About the only things these filmmakers need is a camera, a knowledge of basic cinematography and some software that can overlay effects. (Which they can learn to produce through YouTube tutorials.) It’s a great training ground for aspiring fimmakers to play with and learn their craft, and I hope they keep at it!
A video I made to try to help beginners who are trying to get better footage from their cellphone cameras. Also my first try at actually making a Youtube video, and using Cyberlink Powerdirector 11, which I found very easy and intuitive to use. The whole process turned out to be pretty fun! (If time consuming!)
Contrary to popular belief, the first Sentai completely dubbed into English wasn’t Zyuranger (Power Rangers Season 1, in 1993), it was 1984’s Bioman! A Filipino TV network dubbed the whole series in English in 1987, and released it to some success on the local TV stations.
Bioman is the story of 5 young people (isn’t it always?) who become the agents of the Biorobo and are given superpowers to fight against the evil Doctor Man and his minions.
It was a big hit in it’s time in Japan, The Philipines, and France (where it was a megahit dubbed in French) and if you watch it, it’s not hard to understand why. It did many things differently than the Sentai series that would come before it and the ones that would come after it as well. It is unique, and just plain fun to watch.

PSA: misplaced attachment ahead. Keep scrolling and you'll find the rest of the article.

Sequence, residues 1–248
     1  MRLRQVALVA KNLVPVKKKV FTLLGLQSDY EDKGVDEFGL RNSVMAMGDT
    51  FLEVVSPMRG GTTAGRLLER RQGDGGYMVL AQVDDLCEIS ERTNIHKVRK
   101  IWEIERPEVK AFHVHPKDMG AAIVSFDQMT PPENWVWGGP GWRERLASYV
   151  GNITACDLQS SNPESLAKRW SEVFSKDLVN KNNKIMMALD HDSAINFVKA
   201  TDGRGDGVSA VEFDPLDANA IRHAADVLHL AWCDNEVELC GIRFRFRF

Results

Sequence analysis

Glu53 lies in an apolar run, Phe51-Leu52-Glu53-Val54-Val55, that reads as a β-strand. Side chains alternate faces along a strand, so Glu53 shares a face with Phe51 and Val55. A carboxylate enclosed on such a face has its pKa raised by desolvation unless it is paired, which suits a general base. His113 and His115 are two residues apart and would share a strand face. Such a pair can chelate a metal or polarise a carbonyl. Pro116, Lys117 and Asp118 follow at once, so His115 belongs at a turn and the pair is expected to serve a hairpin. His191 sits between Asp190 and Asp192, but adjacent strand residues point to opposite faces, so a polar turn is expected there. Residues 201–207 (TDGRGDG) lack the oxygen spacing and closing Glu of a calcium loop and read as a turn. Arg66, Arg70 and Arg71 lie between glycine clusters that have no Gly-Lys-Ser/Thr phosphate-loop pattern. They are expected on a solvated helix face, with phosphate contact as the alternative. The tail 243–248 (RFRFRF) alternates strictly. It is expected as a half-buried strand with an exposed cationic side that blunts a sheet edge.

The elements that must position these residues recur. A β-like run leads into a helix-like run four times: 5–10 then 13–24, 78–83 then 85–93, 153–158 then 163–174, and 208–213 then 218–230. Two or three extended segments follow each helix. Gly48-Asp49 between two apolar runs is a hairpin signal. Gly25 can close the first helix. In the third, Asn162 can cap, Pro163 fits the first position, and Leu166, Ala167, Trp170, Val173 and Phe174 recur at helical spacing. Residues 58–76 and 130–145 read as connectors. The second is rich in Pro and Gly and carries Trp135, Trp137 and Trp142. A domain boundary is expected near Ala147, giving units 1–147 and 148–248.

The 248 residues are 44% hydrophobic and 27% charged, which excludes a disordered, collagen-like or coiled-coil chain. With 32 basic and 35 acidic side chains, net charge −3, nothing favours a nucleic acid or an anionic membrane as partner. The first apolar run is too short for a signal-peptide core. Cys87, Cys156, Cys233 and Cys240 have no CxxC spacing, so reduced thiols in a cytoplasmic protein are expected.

A few examples of what made it different-
The Biomen’s mentor was also the mecha they piloted into battle, but it didn’t directly communicate with them, that was all done through Peebo, a C-3PO type robot that was clearly the inspiration for Alpha 5 in Power Rangers. (In fact, the first unaired version of what would become Power Rangers was in fact Bioman dubbed in English by Haim Saban! However the FOX execs wanted American actors, not Asian ones on the screen, so he came up with the Power Rangers we know today.)
The Biorobo was limited by the ability of it’s human pilots/partners, and as they got stronger so did it. There are actually training episodes of them trying to get stronger so that they can handle the mecha’s more high-performance abilities.
The mecha fights themselves are shot so that the mecha have a weight to them and seem big, unlike most shows where the mecha are shot like the guys in suits they are.
Doctor Man (I love that name!) had just a few lieutenants, and a few Beastnoids (monsters), and couldn’t make more. So the same bad guys kept coming back, and they had a chance to become characters in their own right.
Instead of a new monster each week, there was a new giant robot instead, piloted by one of the bad guy lieutenants.
The plots were generally fun and interesting, and rarely boring. They really tried to mix the stories up, and not just go for the same old thing.
The English dub is in Phillipino English, and done in a straight but playful way with odd dialect-isms that really add to it’s entertainment value. (They were dubbing it for kids, but not stupid kids.) My personal favorite is the bad guy’s “FOR THE MAN!” salute, which brings a smile to my face every time I hear it. (For those who were born after 1990, “The Man” was 1970’s street slang to refer to white authority figures.)
I actually get bored of Sentai series really quick (they’re too damn repetitive), yet for some reason I can watch Bioman with a big smile, even though it wasn’t part of my childhood. It’s just pure entertainment on a level which isn’t stupid or condescending, but pitched just right for any audience.